There you have it. It would appear that each form is valid, as long as we include preaching the Word and celebrating the Sacraments. Those with a highly liturgical format should not say the simplified way is invalid, and those using a music/message/communion model should not complain that “traditionalists” have missed the boat.
And yet the reformers did not abandon the traditional liturgical format altogether. Luther re-wrote the Catholic Mass two different times, putting it in the language of the people. The early Evangelicals (16th century Lutherans) continued to worship weekly using roughly the same format that had been used for hundreds of years.
So as we engage new formats today, perhaps it would be wise of us to explore the worship format that has been handed down and refined among Christians for many generations. What is it about this tradition that has been particularly life-giving?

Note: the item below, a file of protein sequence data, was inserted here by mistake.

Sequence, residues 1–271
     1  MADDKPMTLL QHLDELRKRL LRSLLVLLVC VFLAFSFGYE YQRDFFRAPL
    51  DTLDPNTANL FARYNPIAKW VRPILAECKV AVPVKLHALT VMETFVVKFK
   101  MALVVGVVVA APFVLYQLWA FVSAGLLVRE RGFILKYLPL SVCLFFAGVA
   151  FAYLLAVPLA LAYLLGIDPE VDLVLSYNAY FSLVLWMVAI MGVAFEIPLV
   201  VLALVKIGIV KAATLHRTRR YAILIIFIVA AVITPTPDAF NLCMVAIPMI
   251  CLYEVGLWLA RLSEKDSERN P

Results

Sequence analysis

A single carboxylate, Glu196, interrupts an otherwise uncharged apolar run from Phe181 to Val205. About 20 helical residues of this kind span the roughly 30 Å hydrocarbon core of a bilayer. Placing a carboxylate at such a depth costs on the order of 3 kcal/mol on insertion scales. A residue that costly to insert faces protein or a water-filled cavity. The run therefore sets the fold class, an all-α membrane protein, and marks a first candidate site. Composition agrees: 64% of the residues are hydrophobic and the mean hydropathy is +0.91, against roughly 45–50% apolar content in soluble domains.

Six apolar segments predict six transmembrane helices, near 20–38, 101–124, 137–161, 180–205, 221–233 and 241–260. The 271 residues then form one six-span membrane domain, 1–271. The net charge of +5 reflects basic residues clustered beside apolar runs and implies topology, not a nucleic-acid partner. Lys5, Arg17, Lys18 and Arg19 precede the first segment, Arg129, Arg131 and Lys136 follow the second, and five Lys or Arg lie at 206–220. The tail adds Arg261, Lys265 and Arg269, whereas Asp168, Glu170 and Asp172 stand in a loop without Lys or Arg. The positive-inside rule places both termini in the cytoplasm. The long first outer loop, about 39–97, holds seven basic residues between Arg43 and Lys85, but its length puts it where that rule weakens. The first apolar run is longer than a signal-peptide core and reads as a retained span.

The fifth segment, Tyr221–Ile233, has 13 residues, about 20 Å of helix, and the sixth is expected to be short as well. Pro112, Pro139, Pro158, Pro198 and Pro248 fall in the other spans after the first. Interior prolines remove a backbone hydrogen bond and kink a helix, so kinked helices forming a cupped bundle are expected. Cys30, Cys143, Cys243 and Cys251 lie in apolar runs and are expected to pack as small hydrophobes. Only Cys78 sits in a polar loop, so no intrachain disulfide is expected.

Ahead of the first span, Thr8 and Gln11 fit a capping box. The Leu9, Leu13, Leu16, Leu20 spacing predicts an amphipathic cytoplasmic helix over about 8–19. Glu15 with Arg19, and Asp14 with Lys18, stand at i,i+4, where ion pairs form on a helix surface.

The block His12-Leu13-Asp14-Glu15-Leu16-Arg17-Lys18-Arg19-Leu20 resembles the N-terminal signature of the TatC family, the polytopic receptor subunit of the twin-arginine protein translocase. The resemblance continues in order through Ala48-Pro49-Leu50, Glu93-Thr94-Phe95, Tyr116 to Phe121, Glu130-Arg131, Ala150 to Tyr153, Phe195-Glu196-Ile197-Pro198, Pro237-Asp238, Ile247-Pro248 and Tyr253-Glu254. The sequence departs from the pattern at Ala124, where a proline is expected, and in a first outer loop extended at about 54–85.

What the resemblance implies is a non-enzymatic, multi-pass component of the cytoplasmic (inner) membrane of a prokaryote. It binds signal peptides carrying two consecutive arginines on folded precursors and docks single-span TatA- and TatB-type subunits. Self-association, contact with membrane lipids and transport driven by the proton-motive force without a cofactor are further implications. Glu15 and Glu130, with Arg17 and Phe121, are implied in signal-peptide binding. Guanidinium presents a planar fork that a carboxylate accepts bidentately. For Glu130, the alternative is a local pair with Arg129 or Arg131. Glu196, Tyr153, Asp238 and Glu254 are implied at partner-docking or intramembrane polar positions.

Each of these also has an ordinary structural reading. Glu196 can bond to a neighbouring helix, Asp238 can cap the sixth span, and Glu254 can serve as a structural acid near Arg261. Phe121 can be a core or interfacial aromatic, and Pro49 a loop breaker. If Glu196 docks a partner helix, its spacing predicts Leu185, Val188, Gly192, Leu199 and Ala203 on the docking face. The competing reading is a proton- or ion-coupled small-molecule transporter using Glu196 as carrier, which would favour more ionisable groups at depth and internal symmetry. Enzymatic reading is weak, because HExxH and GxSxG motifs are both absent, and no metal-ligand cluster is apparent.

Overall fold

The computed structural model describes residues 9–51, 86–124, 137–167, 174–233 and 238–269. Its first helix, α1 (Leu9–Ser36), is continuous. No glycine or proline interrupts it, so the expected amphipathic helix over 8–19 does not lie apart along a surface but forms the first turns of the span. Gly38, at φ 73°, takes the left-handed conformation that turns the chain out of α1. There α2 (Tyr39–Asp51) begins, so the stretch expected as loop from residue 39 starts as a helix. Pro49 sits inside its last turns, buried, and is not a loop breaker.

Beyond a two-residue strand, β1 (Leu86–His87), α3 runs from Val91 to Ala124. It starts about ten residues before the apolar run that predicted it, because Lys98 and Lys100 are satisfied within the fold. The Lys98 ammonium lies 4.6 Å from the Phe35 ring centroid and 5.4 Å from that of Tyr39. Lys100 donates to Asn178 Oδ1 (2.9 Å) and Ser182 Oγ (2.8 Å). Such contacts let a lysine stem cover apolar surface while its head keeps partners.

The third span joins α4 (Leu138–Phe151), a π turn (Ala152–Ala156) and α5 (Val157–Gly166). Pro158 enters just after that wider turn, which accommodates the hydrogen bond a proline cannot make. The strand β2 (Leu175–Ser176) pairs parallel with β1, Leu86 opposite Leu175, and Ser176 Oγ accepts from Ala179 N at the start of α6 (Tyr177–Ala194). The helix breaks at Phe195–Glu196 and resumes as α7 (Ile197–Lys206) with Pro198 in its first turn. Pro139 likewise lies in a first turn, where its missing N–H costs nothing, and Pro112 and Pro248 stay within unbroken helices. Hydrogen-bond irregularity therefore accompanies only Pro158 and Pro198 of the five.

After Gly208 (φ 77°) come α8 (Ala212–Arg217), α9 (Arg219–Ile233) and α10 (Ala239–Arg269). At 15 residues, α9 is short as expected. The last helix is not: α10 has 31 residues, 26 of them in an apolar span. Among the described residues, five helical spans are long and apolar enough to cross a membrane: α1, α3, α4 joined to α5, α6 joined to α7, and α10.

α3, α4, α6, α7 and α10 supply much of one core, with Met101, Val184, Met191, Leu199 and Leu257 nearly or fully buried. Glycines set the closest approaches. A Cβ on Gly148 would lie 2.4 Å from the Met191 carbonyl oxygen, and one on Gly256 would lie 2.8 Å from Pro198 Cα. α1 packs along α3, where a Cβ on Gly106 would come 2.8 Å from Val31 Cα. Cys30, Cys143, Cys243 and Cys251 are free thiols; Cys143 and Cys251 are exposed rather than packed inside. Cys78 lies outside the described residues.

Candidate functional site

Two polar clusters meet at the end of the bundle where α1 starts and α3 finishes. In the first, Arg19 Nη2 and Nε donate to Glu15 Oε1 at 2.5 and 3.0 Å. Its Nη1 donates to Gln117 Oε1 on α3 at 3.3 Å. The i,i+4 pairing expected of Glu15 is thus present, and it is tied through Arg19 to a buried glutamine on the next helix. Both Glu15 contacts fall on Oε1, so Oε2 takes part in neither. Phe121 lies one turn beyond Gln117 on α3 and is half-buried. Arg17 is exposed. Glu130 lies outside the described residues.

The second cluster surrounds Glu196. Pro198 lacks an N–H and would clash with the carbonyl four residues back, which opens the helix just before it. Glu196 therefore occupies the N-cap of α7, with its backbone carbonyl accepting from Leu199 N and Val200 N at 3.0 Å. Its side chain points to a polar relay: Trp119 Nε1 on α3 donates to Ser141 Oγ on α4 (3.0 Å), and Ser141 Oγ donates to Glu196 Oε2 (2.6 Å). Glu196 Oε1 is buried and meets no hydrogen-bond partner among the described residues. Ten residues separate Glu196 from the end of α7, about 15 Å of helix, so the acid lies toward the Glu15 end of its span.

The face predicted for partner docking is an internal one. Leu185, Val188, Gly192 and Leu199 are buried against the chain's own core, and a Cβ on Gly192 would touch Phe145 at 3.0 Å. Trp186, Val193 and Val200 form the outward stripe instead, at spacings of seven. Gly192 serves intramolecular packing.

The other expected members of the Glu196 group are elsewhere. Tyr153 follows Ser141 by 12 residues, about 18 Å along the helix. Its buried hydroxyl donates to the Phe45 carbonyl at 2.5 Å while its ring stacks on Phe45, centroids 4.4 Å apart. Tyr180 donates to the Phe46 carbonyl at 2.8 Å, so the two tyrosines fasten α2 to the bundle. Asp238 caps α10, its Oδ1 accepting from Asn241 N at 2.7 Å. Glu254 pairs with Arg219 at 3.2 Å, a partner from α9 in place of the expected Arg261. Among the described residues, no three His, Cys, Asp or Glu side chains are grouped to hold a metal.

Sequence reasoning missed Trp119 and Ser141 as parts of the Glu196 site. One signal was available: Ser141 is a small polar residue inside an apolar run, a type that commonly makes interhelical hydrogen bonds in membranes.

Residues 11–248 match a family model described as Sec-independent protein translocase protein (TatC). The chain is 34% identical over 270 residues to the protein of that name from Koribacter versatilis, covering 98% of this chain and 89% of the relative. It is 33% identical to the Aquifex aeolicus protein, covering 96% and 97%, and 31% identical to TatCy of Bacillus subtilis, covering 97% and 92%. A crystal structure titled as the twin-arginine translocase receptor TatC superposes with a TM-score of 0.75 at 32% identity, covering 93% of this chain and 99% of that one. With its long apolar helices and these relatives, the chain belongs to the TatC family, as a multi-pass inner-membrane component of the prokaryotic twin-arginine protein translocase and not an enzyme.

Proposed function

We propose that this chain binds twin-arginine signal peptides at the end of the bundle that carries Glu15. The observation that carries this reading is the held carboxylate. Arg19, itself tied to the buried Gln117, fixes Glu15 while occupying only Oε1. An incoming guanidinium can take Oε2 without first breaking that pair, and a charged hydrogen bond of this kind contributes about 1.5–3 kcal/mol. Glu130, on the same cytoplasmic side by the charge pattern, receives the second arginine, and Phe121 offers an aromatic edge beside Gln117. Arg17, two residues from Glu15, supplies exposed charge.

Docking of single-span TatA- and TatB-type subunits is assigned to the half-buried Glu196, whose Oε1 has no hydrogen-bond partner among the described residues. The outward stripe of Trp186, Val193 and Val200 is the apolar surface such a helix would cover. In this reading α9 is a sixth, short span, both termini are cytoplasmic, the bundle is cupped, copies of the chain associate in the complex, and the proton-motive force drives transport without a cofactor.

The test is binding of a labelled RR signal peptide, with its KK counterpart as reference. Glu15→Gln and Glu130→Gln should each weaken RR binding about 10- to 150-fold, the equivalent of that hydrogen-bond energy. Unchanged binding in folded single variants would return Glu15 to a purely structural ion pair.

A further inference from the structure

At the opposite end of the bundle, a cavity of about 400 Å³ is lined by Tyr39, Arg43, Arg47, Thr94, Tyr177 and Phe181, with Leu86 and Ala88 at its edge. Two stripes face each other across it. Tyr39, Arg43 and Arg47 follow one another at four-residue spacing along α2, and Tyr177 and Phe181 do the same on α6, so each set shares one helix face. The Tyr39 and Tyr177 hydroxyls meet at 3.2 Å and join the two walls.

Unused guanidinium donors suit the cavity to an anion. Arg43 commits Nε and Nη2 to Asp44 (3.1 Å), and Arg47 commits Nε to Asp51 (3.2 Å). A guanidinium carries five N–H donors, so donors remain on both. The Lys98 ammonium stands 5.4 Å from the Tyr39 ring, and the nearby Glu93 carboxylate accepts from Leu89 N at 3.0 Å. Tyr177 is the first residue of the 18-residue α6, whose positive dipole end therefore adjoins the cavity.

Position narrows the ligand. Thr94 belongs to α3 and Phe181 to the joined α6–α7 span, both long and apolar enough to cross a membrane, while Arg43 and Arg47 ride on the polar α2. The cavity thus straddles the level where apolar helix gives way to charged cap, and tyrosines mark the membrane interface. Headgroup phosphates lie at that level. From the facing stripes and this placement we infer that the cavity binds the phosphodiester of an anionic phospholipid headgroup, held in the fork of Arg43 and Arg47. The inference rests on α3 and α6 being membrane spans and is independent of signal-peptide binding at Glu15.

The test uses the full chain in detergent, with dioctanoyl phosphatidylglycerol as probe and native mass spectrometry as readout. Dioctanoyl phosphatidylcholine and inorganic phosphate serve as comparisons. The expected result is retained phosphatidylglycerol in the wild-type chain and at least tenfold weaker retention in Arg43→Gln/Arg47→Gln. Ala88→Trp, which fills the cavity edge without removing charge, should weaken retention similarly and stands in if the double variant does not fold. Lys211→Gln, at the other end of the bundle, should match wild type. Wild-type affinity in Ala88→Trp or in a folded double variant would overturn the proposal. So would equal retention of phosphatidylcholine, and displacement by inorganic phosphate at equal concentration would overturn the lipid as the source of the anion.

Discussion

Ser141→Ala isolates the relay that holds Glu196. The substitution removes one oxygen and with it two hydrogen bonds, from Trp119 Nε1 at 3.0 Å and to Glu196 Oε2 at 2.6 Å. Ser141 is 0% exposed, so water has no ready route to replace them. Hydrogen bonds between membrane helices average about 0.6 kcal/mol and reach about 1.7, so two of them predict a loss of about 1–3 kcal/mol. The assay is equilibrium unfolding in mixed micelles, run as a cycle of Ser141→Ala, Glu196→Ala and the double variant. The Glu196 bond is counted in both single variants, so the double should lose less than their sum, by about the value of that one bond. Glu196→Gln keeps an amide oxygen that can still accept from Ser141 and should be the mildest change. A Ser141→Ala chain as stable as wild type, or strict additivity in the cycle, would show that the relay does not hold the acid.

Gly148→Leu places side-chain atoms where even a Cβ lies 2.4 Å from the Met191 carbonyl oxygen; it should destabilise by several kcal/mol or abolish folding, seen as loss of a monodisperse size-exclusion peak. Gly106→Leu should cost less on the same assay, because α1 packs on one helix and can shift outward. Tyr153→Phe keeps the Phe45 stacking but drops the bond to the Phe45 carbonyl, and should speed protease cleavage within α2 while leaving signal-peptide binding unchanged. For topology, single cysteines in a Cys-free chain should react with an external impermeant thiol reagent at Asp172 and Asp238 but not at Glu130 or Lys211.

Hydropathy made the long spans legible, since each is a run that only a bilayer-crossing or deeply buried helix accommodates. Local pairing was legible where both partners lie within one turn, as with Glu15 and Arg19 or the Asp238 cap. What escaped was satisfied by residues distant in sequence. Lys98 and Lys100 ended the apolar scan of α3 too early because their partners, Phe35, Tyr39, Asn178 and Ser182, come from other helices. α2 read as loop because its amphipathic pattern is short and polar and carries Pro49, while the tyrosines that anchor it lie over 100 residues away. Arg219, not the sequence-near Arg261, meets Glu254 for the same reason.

The broad, simple outline that is taught among many denominations today reflects the emphasis on Word and Sacrament in the Augsburg Confession: Gathering, Word, Meal, Sending. It reaches as far back as Justin Martyr, ca. 150 A.D. We gather as a community to worship, we hear the Gospel proclaimed from God’s Word, we receive God’s grace in Holy Communion, and we are sent out to share that grace with the world. Again, both traditional and simplified liturgies can reflect this model.
But what about the other parts of a traditional liturgy, those with titles like kyrie, gloria, and sanctus? What might they have for us? In Part II I’ll propose a contemporary worship outline that incorporates the intention behind some of the treasures of traditional liturgy.